15. 15. 5 Application Architecture Editor Notes Summarize the as-is and target portfolio architecture as well as differences such as: o Portfolio Counts (i.e. # of systems, investments) o # of organizations o Existing related PAR or PART scores for business focus area o # of functions by services Cite Step 4 blueprint products related to application and service architecture (link to product instead of placing hierarchy or table within document). From the As-Is State of the Architecture scoring, capture 5-10 sentences on specific points in Application Criteria findings. From the Target Service Architecture Overview, Capture 2-5 sentences summarizing and noting specific rationale from As-Is System and Services Scoring as related to Project Fit and Gap Criteria. 5.1 Application Patterns Review Section 5.1 Application Patterns in the Interior Solution Architecture document. 5.2 Non-Functional Requirements We have already discussed functional requirements. Other requirements, such as availability, capacity, and performance fall into the category of non-functional requirements (NFRs). The Modernization Blueprint and subsequent records of decisions may form the basis for many of the systems functional and non-functional requirements. The blueprint should identify critical performance indicators for a given business area that may be tied to actual performance metrics in Bureau and Departmental strategic plans. NFRs specify the qualitative and other non- functional requirements that an IT system must satisfy. These requirements can pertain to an individual system or a set of systems, to provide a related hierarchy of department- and enterprise-level requirements. NFRs consist of: • Service level requirements (SLRs), which are run-time properties the system as a whole, or parts of the system, must satisfy. SLRs include: • Capacity and performance (volumetrics) • Availability • Security • System management • SLRs sometimes relate to particular parts of the system, e.g., to particular use cases. • Other required (non-runtime) properties of the system, such as: Chapter 5 – Application Architecture 15 12/28/2006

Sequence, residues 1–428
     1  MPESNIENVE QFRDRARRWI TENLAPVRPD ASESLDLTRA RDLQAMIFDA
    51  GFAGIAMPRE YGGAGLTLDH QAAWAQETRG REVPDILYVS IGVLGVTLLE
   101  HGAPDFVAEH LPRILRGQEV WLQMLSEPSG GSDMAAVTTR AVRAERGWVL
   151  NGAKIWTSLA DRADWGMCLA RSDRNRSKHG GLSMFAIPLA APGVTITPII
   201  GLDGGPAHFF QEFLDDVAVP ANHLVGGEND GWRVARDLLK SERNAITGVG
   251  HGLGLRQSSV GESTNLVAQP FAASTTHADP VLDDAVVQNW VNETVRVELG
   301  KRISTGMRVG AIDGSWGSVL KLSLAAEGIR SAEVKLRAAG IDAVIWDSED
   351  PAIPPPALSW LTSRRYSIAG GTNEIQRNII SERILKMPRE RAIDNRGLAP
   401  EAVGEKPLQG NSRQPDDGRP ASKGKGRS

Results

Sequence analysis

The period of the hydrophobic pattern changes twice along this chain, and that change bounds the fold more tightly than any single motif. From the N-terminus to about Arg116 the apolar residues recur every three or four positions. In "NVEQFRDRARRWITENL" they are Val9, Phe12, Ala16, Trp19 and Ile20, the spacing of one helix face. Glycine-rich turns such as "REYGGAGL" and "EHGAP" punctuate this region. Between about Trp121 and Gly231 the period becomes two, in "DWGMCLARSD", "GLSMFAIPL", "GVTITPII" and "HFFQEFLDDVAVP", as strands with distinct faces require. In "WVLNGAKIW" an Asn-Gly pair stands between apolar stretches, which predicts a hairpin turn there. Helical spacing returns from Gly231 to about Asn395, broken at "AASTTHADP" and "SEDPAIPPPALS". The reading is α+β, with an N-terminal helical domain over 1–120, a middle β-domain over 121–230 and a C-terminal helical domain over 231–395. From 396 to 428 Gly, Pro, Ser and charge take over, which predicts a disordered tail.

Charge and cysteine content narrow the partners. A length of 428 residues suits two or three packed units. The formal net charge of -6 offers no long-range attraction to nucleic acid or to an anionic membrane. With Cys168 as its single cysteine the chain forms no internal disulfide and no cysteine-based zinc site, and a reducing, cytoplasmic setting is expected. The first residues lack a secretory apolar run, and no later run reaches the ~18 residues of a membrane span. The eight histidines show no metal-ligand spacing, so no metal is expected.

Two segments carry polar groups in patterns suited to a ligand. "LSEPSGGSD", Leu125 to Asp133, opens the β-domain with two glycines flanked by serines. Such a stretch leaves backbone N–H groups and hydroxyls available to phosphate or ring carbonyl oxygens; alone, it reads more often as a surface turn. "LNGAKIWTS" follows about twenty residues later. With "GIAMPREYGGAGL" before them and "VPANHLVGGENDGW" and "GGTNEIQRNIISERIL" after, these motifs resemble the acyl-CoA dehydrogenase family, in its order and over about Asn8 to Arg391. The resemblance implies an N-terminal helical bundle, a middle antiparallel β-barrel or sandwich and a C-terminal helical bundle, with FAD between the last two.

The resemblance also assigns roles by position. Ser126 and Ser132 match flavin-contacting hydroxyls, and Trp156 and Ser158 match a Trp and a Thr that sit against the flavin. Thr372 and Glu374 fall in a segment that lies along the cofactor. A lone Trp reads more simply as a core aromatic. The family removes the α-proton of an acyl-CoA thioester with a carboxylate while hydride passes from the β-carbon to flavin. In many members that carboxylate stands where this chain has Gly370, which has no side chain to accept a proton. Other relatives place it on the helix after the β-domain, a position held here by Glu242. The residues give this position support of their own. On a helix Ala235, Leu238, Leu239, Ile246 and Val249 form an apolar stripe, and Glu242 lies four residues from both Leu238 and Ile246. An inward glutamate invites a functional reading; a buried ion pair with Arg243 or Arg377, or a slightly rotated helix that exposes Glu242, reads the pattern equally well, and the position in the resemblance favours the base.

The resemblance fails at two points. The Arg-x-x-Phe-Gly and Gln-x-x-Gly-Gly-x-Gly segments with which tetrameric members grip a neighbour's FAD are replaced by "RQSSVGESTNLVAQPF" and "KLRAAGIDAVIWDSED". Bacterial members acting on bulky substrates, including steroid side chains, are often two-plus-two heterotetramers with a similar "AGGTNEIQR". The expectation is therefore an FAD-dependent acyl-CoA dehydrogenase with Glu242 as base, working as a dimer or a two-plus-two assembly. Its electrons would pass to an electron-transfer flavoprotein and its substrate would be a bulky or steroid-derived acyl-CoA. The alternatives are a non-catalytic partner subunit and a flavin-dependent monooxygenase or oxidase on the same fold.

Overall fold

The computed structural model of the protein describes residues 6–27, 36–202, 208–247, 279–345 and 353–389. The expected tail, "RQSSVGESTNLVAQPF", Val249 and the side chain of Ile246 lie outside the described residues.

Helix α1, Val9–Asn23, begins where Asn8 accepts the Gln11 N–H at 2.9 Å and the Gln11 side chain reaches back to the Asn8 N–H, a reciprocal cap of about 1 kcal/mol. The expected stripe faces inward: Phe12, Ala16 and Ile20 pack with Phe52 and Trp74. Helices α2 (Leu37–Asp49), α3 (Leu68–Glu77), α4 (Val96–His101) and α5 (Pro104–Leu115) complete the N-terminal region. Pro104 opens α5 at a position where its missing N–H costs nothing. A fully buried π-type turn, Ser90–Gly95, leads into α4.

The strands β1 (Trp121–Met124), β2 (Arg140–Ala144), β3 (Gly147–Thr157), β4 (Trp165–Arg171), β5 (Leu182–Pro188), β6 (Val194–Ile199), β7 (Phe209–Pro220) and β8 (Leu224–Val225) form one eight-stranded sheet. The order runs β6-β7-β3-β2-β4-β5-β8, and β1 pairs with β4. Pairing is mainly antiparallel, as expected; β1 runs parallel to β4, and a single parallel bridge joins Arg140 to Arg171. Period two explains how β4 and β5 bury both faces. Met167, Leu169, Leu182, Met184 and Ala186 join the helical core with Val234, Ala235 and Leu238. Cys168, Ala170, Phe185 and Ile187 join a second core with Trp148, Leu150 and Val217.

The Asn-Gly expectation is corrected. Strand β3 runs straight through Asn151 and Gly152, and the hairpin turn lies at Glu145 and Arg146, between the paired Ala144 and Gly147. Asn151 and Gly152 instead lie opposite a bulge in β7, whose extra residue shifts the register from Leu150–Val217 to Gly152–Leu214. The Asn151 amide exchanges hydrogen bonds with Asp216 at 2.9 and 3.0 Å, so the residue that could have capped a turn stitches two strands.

16. 16. • Portability • Maintainability. For convenience, NFRs can also include constraints the system must conform to or satisfy. System Constraints include: • The business constraints which the system must satisfy (e.g., geographical location) • The technical standards the system must satisfy • The technical ‘givens’ which constrain the system (e.g., which existing hardware or DBMS must be used). The following list can be used as a guideline for the NFR categories that need to be captured: • Availability • Backup & Recovery • Capacity Estimates and Planning • Configuration Management • Disaster Recovery • Extendibility/Flexibility • Failure Management • Performance • Reliability • Scalability • Security • Service Level Agreements • Standards • System Management Editor Notes Under each bullet, based on rationale points for each service, organize and summarize those points as related to the operational qualities of the service. Further Non-Functional Requirement Some NFRs are expected to change over time. For example, capacity requirements very often increase as more workload is added to the system, or as the volume of stored data increases. Exhibit 5-4 provides a convenient way to capture this information. Editor Notes The exhibit table below should be reviewed again and finalized in Step 11 Exhibit 5-4: the enterprise Non-functional Requirement 5.3 Architectural Reference Models See Section 5.3 Architectural Reference Models in the Interior Solution Architecture document. Chapter 5 – Application Architecture 16 12/28/2006